Recognizing National Melanoma Month
Bringing awareness to the dangers of Melanoma and helping eradicate the disease is the goal of the Melanoma Coalition. So with the first Monday in May—designated as National Melanoma Monday—and a day set aside by the American Academy of Dermatology, to raise awareness about this disease, I will share the final stage of my Camino journey.
This post, like others from the Camino are taken from my personal journal. It so completely personal that sharing it publicly leaves me feeling vulnerable. But today being Melanoma Monday, I am acutely aware of the dangers of Melanoma. I have intimate knowledge about this disease and what it can do to a person, to a family, to a life. And so today, of all days, I wanted to remember that last part of my 500-mile trek and the lessons of the Camino.
The Camino Provides
My last day on the Camino began at about 6:30 a.m. in Amenal. I had about a 10-mile trek into Santiago. While there were a few climbs those last 10 miles, the most challenging part of the day began as soon as I stepped out of my albergue and lasted until sunrise. By this point on the hike, the sun was rising around 8:00 a.m. I had been leaving before sunrise each day and made my way with the help of a headlamp and a small flashlight. On this morning I was in a hurry, because I wanted to be in Santiago by the mid-day Pilgrims Mass. I left the albergue alone though I could see some lights bobbing in the distance ahead of me so I knew I was not the only Pilgrim beginning so early. After about 15 minutes on the trail I was in trouble—my headlamp and my flashlight were both dimming quickly. I knew they would not make it until sunrise and I didn’t have any replacement batteries. I didn’t feel safe enough navigating the trail without light and the Pilgrims who were ahead of me had, by this time, outpaced me. So my only option was to sit in place until there was enough light to continue without risking injury. I should have known I wouldn’t have to wait long, as with every other challenge faced during the previous 34 days, the Camino provides. And very shortly a group of three Pilgrims found me and I was able to walk with them using their lights, until sunrise.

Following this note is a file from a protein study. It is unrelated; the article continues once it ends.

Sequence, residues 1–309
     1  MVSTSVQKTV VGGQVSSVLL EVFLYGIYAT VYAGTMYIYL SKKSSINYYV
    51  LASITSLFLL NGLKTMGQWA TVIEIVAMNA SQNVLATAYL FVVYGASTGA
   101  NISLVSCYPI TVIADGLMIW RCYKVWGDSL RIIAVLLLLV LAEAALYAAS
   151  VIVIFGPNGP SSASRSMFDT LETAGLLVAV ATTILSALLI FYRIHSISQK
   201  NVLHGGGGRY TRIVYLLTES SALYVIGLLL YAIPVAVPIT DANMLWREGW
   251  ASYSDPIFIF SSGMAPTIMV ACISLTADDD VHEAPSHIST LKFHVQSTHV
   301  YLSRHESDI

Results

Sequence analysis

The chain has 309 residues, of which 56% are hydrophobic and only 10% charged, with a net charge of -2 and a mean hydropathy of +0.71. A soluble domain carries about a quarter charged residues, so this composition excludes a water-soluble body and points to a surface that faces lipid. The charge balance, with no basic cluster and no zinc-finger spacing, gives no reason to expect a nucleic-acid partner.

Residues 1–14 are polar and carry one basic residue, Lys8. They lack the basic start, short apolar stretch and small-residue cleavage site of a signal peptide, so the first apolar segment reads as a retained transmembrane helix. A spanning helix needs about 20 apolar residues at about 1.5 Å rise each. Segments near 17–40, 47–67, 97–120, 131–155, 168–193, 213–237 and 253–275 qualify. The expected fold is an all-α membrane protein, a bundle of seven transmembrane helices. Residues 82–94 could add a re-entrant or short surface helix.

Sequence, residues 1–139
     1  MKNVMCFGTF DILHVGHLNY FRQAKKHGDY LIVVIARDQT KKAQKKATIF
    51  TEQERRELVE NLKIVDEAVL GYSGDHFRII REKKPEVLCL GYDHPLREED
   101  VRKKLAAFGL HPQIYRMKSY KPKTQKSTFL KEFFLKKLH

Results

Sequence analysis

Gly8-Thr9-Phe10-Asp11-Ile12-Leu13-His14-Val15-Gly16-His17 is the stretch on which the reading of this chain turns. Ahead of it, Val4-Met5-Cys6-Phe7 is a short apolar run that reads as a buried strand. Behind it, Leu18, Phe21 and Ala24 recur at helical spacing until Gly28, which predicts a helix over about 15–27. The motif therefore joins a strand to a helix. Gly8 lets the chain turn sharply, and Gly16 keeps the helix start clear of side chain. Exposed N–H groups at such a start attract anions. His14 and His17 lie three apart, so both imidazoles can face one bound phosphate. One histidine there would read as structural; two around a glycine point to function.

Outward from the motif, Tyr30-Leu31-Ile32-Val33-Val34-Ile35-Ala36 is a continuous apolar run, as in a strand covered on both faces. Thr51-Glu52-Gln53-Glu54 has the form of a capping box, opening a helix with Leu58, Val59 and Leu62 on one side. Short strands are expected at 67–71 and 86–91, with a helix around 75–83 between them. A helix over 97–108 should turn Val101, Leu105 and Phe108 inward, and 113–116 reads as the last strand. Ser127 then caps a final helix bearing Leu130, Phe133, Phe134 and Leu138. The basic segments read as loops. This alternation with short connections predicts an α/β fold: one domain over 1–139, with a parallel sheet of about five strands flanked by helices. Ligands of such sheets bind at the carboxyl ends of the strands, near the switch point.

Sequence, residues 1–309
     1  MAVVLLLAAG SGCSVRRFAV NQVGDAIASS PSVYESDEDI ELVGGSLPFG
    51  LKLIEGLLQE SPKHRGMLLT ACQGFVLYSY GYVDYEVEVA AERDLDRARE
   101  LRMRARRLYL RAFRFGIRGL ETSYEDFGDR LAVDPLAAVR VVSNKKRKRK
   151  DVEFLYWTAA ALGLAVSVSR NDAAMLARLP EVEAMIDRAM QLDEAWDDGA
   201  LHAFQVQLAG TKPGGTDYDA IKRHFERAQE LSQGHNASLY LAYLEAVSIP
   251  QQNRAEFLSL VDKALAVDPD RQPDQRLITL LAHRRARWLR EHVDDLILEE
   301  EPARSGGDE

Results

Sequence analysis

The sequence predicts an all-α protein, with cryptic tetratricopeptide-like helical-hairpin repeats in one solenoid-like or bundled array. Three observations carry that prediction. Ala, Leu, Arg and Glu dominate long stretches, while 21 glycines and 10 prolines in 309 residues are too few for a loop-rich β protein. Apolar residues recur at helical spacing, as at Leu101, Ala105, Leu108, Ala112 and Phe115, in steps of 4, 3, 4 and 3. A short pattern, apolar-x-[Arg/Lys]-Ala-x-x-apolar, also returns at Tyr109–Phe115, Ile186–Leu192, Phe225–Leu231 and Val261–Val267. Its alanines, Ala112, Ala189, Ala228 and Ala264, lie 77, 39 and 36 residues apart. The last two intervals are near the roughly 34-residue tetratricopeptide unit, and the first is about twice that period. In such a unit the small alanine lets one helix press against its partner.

It was as close as I had come to feeling peace since Connor died.
I’m certain that I missed some beautiful landscape walking those first miles in the dark. I’ve read posts from other pilgrims about the beautiful eucalyptus trees and scenery. But I came to enjoy those first miles that I walked each day in the dark. The trails were less crowded, the stars were incredible and the only sounds were footsteps. It was as close as I had come to feeling peace since Connor died. That last morning was no different except that I was filled with joy knowing that I was so close to my destination, but also mourning the end of a beautiful experience.
About an hour outside of Santiago, I climbed the last hill. Monte do Gozo (the Hill of Joy) is just over 1,200 feet in elevation, and by the time I had reached the top, the sun was up and the hillside was packed with Pilgrims. It seemed liked hundreds of Pilgrims had stopped to sit on the hill by the monuments for a rest or a chat with friends, while delaying those last steps into Santiago. By the time I reached this point I was so excited that I didn’t stop to take pictures. I made one stop at the chapel to get a final stamp in my pilgrim’s passport; the last stamp before reaching the Cathedral. And I kept walking.
I walked the last 5 days of the Camino completely alone, in silence. And these last 10 miles I spent reflecting about this incredible journey and how the stages of the journey are similar to the stages of life. Life begins. We grow. We learn. We give. We receive. We overcome obstacles and pain. We feel joy. We love. And the cycle continues. If you believe in a God, then part of life’s journey is reaching that final destination in His Glory after a life well-lived. As I reflected on this, it again seemed to me that there are a lot of parallels between the experience on the Camino and the experience of life. These last steps on the Camino were spent thinking about Connor’s last hours on this earth and his final journey.
I was almost running when I reached the Cathedral. It was 10:30 a.m. and the Square was packed with people greeting us as we came around the corner. Suddenly there they were, my two Camino Sisters, Bev and Colleen, who had arrived the day before, and one of Connor’s best friends, Cheyenne, who was studying abroad and flew to Santiago to greet me at the Cathedral. The anticipation of seeing them that morning was almost overwhelming. There were hugs and tears and laughter. It felt like coming home.
Connor’s last days and hours on this earth were peaceful. He was surrounded by so many wonderful friends and his family. The final hours were quiet and I knew from his changes in breathing that the time was getting close. I heard his last breath. I had my hand on his chest and felt his last heartbeat. On that final day on the Camino I thought about the mourning that one has about the end of a journey—the end of life—but the joy of reaching the final destination. Kind of like coming home. I pictured Connor’s arrival in heaven and I’m pretty sure that he said to God when he arrived “I gave it all I had. I’m home now.”
This walk is dedicated to my Ginger kid, Connor M. Cockerham, who lived out loud. And to his dad, Jerry Cockerham. It was his walk to begin with.
Walk with Joy and Buen Camino.
(Buen Camino is what is said to pilgrims as they pass you by. It literally means “good path.” Its deeper meaning however, is related to the pilgrimage intent and an acknowledgment that the pilgrim is on a spiritual journey. It’s an acknowledgment that becoming your best self—what God intends—is the goal.)